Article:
from Pink Reef




I’ve decided to pay

just at the point

I’ve decided

to pay into

the linen wall

& hope the fountain

will take my money


just at the point

at which I’ve decided to pay,

the point at which

the slit begins to leak

(it must be

a gusher)


just at the point

at which

the pigeons circle

around the single

violet pigeon

as if slowly

tending a star


just at the

point I want to stop:

the wall is amber


just at the point

I see the vultures

in the distance

& am given back


just as liars

bleed from

the eyes


just as

at any moment

I like to play

at being desperate


as at any moment

being desperate

likes to play

at being



so the brain corals


through the arms,


across the skin

(torso by



just so I ask

for the peace

to be &

simply is

& ask for

the peace to be

among my stung

with buds







was the black wallet

was the moral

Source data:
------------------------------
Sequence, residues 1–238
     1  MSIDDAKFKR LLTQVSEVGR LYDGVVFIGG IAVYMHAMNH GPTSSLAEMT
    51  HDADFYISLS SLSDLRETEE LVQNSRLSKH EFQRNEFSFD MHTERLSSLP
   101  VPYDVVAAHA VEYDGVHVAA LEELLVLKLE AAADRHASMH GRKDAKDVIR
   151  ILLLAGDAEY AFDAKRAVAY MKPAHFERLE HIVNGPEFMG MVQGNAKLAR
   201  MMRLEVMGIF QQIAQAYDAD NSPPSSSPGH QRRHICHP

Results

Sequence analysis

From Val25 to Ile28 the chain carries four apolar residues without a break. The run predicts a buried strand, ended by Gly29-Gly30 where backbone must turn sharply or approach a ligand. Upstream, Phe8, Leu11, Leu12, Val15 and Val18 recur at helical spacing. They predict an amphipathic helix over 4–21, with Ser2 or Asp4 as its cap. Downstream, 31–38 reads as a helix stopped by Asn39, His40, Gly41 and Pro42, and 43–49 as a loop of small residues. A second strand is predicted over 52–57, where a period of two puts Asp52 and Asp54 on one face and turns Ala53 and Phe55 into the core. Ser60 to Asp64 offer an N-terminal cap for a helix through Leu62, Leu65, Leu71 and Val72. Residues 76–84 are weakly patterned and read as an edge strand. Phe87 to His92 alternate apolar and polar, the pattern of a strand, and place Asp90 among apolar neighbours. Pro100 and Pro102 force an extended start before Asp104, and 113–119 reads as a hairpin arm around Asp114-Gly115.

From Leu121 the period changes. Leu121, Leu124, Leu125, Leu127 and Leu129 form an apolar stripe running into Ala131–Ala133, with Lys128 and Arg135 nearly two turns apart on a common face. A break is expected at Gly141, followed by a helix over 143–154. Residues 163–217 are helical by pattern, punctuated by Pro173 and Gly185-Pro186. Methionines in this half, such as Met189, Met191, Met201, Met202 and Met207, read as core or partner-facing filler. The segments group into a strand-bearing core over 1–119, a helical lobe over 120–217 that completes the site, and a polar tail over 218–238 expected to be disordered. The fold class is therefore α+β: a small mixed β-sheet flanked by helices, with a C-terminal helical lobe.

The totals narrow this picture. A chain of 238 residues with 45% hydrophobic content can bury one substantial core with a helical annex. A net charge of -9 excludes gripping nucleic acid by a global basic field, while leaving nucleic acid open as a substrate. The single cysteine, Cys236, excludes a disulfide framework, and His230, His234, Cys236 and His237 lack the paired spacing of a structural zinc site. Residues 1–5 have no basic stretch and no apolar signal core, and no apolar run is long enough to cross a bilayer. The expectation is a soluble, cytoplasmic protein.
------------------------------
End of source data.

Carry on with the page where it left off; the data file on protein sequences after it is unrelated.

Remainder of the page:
was the quilled

meat of the wallet

was the vernal

floes of light

was the murder at

the site of production

red heart steaming

bleeding in the hands

red heart of

silk organza streaming

bleating thread

red heart of

polished metal

streaming, unspooling wet

sheets of metal…                                                

Jeff Koons

places a hand

on my lung

I say

I know

I am not


my stomach

would bleed

into a gallop

Jeff Koons

wants to fuck me

I offer him

a strip of

my back,

a strip

of my bloodied






sensitive anti-discourse dolphin

with your graceful pink


penis sensitive

expressivist teller of tales


with your pregnant precarious



master of manners radical

chic with your rabid


drifting joui-

ssant dolphins


sensitive visionary master

of manners sensitive


softly so real so

funny really I


get so sick of myself I

want to clip &


clop, clip-i-

ty clop





never again second-guessing my

“I am loves”


& the horses walk off,

sweat hardening


what is it to ruminate,

to boil over? The blood


like a net,

we dredge up


(Catullus) radishes

& mullets





why don’t I hope that I hate my-